A back of house disinfection checklist is needed to keep staff areas clean. Shared locker rooms and spaces must be regularly disinfected to protect staff. As staff are in and out of these Back of House areas, both while working and during breaks, the possibility of transmission would be high without a proper checklist.
General Property Checklists
Closed Maintenance Check (Weekly and Monthly)
The cadence of these checks is based on a light or caretaker crew and uses these resources efficiently. Hoteliers can complete these checks more frequently, but it is recommended to complete them weekly. Weekly checks include checking rooms and guest areas for water damage or leaks, and checking essential equipment (emergency lighting, water pumps, etc.).
Financial Checks (Temporary Closure and Reopening)
Hotels operate with the help of many third-party vendors and services. Communication with each of them about the status of your property, as well as requests to pause billing or return to service, will be important in maintaining smooth transitions as the status of your hotel changes.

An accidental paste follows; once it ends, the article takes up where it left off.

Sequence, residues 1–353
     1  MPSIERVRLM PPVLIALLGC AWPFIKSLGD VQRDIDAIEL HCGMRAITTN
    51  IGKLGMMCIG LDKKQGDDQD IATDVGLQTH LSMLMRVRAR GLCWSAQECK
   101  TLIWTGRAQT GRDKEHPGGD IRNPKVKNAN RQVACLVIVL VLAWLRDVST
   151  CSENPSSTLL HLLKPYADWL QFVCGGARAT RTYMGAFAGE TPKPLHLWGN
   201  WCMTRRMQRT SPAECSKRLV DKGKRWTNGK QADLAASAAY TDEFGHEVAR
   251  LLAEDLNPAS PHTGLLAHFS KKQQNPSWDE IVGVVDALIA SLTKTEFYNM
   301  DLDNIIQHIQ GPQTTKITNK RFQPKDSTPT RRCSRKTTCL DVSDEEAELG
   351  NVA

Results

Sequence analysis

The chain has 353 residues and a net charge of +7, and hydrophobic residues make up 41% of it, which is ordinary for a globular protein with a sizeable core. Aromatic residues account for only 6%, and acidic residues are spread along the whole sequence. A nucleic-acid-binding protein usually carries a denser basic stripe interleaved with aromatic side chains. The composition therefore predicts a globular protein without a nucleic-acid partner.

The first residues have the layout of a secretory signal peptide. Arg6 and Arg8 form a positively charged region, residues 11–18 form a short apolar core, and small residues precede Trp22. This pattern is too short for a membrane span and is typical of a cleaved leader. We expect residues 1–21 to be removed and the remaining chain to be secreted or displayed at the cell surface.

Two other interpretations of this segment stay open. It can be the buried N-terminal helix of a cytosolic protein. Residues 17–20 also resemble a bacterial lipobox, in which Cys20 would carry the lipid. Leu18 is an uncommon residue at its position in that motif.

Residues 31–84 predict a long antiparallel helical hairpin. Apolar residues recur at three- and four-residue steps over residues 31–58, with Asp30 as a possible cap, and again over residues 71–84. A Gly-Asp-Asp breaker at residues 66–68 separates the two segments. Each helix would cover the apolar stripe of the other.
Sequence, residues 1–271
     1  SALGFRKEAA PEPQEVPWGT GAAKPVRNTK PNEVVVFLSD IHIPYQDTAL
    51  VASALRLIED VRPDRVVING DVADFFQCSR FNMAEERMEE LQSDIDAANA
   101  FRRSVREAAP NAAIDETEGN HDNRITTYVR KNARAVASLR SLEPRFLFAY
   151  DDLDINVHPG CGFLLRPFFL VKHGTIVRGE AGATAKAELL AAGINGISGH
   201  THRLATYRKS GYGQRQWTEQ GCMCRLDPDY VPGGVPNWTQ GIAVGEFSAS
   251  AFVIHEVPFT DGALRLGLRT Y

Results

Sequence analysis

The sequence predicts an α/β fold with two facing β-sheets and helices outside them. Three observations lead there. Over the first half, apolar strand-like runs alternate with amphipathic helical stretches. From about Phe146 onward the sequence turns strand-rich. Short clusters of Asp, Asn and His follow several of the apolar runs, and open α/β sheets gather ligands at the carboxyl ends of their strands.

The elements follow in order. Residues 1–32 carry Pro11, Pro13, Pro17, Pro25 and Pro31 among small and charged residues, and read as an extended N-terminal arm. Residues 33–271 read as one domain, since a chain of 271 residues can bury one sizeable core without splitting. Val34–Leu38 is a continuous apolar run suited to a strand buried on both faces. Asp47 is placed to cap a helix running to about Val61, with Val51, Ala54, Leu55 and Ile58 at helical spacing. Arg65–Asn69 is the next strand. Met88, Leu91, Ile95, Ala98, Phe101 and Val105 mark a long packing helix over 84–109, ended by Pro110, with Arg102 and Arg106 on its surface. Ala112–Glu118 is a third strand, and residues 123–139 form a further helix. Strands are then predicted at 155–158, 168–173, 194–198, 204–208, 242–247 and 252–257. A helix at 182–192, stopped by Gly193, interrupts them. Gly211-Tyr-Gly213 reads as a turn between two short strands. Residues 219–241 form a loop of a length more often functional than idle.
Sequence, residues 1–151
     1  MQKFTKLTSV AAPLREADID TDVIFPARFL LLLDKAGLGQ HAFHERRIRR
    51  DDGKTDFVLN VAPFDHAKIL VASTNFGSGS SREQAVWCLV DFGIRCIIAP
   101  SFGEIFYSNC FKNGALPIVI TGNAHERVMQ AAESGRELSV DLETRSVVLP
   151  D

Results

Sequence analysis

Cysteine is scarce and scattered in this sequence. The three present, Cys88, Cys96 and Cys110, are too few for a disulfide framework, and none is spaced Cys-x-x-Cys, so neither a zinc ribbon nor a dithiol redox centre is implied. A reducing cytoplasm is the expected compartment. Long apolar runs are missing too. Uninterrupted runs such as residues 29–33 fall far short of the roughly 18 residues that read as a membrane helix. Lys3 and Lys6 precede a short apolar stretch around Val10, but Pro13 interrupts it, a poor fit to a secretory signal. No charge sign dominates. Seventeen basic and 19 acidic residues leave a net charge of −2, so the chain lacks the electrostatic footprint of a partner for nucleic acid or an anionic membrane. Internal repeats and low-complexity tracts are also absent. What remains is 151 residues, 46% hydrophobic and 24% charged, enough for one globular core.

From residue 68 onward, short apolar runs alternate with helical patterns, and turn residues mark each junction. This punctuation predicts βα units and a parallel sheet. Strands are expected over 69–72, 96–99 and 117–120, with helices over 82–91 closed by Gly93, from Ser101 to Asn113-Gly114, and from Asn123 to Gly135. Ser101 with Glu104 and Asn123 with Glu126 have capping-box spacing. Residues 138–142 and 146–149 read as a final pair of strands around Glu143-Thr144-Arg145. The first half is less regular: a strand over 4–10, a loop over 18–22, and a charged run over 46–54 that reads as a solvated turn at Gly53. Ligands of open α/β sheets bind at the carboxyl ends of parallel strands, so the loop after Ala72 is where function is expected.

Setting up your hotel’s office to handle related inquiries is important as well. This checklist provides a list of different steps for hotels to take internally, including setting out of office emails and voicemails, as well as a list of service providers to contact.
Turn Operational Expenses Back On
If third-party services have been paused, bringing them back online will be essential before reopening. Return to service or extend suspended service for monthly recurring expenses OpEx (i.e. SaaS or ASP) partners that bill on a per room basis for return of fees to be paid.
Return Areas of a Hotel to Service
As travel returns, it is possible that many properties open floors, wings or buildings one at a time, instead of reopening all areas at once. Make sure that each area has a checklist so that uniform procedures are carried out within each area, regardless of when they open. Items on your checklist may include:
- General Area Checks
- Team Office Set-Up
- Elevators and Stairs
- Vending Machines
- Housekeeping Setups
Soft Opening Guest Checklist
When reopening, it’s great to have a second eye on your property making sure everything is good to go from a guest perspective. If your hotel is having a soft opening, ask your guests or industry partners to fill out a checklist to assess everything from if staff members greeted them, to ensuring that guest room clocks are set to the right time.